A total of £12.7bn has been withdrawn from pensions since freedom and choice was introduced in April 2015, according to latest HM Revenue & Customs (HMRC) statistics.
At the end of 2016, the total figure reached £9.2bn, and has since increased by £3.5bn in the two quarters of 2017, with an all-time high of £1.9bn withdrawn in Q2, compared to £1.6bn in Q1.
Despite the total increase, average withdrawals per individual have continued to fall – a trend seen since the introduction of the freedoms. The average size of withdrawals per person decreased to £9,300 in the second quarter of 2017, from £11,132 in the same quarter of 2016. The average number of payments per person was up from 1.86 in Q2 2016 to 1.92 in Q2 2017, which suggests more people are setting up regular withdrawals rather than taking ad-hoc lump sums.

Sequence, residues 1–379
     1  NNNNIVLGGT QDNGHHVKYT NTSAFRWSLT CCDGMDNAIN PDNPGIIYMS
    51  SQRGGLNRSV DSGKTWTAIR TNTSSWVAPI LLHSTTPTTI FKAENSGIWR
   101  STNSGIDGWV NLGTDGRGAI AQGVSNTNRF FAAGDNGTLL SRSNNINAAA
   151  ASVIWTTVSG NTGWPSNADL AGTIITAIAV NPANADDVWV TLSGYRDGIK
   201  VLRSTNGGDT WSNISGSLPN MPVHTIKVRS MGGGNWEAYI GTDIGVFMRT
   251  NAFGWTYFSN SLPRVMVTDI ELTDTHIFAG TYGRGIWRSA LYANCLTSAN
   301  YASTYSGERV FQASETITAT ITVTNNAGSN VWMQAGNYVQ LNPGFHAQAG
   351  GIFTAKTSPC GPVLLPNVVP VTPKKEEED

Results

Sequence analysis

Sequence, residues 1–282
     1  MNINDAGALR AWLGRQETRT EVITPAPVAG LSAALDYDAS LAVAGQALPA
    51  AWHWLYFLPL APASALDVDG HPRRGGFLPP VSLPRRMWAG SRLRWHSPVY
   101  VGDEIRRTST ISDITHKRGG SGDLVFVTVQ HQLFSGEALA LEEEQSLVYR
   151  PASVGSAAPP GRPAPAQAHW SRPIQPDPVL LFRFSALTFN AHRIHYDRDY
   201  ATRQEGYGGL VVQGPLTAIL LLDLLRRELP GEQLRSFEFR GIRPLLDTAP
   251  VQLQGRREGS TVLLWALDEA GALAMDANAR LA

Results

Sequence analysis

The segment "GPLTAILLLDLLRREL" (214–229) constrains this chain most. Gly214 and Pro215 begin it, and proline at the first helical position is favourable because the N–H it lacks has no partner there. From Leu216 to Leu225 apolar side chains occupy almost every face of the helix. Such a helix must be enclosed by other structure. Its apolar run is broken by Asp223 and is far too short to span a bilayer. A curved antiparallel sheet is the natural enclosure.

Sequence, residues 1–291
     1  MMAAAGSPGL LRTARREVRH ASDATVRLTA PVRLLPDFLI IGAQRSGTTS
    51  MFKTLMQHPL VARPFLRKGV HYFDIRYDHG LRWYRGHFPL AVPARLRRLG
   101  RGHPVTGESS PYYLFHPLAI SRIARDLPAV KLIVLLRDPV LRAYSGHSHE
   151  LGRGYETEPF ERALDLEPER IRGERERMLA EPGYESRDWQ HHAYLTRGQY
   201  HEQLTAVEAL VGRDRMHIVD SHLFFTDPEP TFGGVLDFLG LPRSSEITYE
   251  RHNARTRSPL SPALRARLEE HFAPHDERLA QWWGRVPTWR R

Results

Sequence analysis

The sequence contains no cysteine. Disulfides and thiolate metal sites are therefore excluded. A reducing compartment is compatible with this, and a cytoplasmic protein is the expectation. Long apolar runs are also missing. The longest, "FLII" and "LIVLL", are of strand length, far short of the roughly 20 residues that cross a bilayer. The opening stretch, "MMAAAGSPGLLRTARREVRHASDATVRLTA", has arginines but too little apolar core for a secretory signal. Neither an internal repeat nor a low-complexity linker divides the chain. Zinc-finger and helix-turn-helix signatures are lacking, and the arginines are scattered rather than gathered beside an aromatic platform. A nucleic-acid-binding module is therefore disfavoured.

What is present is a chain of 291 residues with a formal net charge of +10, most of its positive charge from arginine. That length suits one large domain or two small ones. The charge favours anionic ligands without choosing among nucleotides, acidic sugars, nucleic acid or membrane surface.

“These figures show that more and more people every quarter are taking advantage of the new pension freedoms.
“Any future government would find it politically impossible to reverse this policy which is now a significant part of the retirement planning of large numbers of people.
“The priority for regulators must be to ensure that people are given the right guidance and advice to make best use of these freedoms.”
Royal London director of policy Steve Webb
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